Transfer RNA (tRNA) Fragments Are Connected to Diseases

  • Specifically Formed tRNA Fragments (tRFs) can Repress Expression by RNAi 
  • Specific tRFs are Associated with Cancer and Other Diseases
  • Chemical Modifications in tRFs Pose a Challenge for Sequencing 

Researching new, trending topics for Zone in with Zon rewards me in several ways, including learning about important subject matter that I only vaguely knew about, or had been completely unaware of. The present blog is about tRNA fragments (tRFs), which was totally new subject matter for me that I found to be very interesting and worth sharing here.

But before getting to biological formation and functions of tRFs, I want to mention what led me to this intriguing class of RNA molecules. In a nutshell, TriLink’s R&D team decided to “brainstorm” on how its expertise in chemically modified RNA might be leveraged into new product offerings beyond its current lines of modified oligo RNA and modified messenger RNA (mRNA). Since tRNAs were long known to have numerous types of chemical modifications, as detailed elsewhere, TriLink’s R&D started to think about tRFs for reasons outlined below.

Biogenesis of tRFs

Formation of tRNA is a complex process. Initially, tRNA is transcribed in the form of a precursor (pre-tRNA) containing 50-nt leader and 30-nt trailer sequences, and in some cases introns in the anticodon loop. Pre-tRNAs then undergo various types of RNA processing steps to ultimately form mature tRNAs. During tRNA maturation, the 50-nt trailer is processed by RNase P, the 30-nt trailer is removed by RNase Z, and following 30-trailer removal, the 30-nt end of all human tRNAs is modified by enzymatic addition of the universal CCA triplet, as depicted here.

Pre-tRNA (left) and mature tRNA (right); adapted from Anderson & Ivanov FEBS Lett (2014)

Also depicted here are specific types of enzymatic cleavage reactions of mature tRNA by ribonucleases Dicer and angiogenin (ANG) that lead to formation of 5’-tRFs and 3’-CCA tRFs, as well as 5’-halves and 3’-halves. These tRFs derived from mature tRNAs, as well as tRFs from pre-tRNAs that will not be discussed here, have now been extensively characterized by high-throughput short RNA sequencing methods. Among new advances in this sequencing methodology, TriLink’s recent PLOS One publication of its innovative CleanTag™ sample prep procedure has already been viewed an impressive ~6,000 times since appearing online only ~14 months ago as of this writing.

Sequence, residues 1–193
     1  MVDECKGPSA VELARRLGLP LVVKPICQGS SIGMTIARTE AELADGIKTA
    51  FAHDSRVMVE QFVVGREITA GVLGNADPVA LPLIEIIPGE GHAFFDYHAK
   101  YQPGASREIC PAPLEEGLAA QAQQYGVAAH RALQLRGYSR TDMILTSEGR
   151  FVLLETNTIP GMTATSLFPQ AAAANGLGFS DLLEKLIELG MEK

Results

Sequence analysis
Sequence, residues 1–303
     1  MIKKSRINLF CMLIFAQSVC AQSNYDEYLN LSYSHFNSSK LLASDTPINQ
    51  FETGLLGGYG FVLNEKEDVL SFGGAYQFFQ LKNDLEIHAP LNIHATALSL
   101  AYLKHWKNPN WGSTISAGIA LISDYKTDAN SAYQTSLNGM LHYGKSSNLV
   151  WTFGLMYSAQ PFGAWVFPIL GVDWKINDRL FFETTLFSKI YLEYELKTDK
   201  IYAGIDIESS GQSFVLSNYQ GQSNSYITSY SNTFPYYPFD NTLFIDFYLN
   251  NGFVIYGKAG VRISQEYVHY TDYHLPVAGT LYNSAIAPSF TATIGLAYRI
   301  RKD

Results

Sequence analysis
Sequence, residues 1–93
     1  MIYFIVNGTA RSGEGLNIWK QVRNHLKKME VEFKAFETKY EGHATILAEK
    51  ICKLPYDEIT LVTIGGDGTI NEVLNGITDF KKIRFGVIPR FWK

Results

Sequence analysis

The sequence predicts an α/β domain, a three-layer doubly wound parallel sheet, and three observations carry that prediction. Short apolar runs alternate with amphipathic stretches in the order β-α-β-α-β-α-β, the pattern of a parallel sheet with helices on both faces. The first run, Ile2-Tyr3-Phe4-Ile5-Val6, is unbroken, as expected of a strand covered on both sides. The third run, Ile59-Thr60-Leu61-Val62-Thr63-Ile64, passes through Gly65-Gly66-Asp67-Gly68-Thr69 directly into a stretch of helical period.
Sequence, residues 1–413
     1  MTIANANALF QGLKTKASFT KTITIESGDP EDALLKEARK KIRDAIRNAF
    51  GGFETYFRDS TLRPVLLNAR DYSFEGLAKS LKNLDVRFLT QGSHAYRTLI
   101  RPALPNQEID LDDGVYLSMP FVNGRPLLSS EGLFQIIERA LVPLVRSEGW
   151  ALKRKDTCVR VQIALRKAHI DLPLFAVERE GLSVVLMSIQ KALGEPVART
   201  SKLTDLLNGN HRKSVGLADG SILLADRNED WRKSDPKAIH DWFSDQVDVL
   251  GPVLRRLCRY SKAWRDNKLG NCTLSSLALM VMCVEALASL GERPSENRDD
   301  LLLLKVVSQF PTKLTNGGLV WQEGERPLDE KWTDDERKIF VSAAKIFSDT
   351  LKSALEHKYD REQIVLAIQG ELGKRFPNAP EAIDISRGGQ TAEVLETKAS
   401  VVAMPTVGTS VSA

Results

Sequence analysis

Mature tRNA (adapted from Anderson & Ivanov)

It should be noted that tRFs are not restricted to humans but have been shown to exist in multiple organisms. Two online tools are available for those wishing to learn more about tRFs: the framework for the interactive exploration of mitochondrial and nuclear tRNA fragments (MINTbase) and the relational database of Transfer RNA related Fragments(tRFdb). MINTbase also provides a scheme for the naming of tRFs called tRF-license plates that is genome independent. A recent publication by Kim et al. is a good lead reference for various functions of tRFs, some of which include the following.

Possible Roles of tRFs in Human Diseases

In a review of this subject, Anderson & Ivanov emphasize that, while production of tRFs have been observed in several types of human diseases, it remains to be determined whether these tRFs contribute to disease pathogenesis. Landmark findings regarding functions of tRFs were published by a team, including Andrew Fire—2006 Nobel Laureate for  RNA interference (RNAi)—titled Human tRNA-derived small RNAs in the global regulation of RNA silencing that provided compelling evidence demonstrating that human tRFs can enter RNAi pathways. These findings by Fire & coworkers are now recognized as a previously unknown nexus of RNAi translational repression pathways involving tRFs and microRNAs (miRNAs) depicted here.

Schematic representation of the biogenesis of miRNAs and tRFs associated with Argonaute (AGO) proteins. Taken from Shigematsu & Kirino Gene Regul Syst Bio (2015)

tRFs and Cancer: In 2009, Lee et al. reported that a specific tRF, designated as tRF-1001, is highly expressed in a wide range of cancer cell lines but much less in tissues, and its expression in cell lines was tightly correlated with cell proliferation. Furthermore, siRNA-mediated knockdown of tRF-1001 impaired cell proliferation. Since that discovery, various research groups have similarly found specific tRFs associated with different types of cancer, as recently detailed by Croce & coworkers, who concluded the following:

“We found that tRNA-derived small RNAs (tsRNAs) [i.e. tRFs in this blog] are dysregulated in many cancers and that their expression is modulated during cancer development and staging. Indeed, activation of oncogenes and inactivation of tumor suppressors lead to a dysregulation of specific tRFs, and tRFs-knock out cells display a specific change in gene-expression profile. Thus, tRFs could be key effectors in cancer-related pathways. These results indicate active crosstalk between tRFs and oncogenes and suggest that tRFs could be useful [bio]markers for diagnosis or targets for therapy. Additionally, [overexpression of two specific tRFs] affect cell growth in lung cancer cell lines, further confirming the involvement of tRFs in cancer pathogenesis.”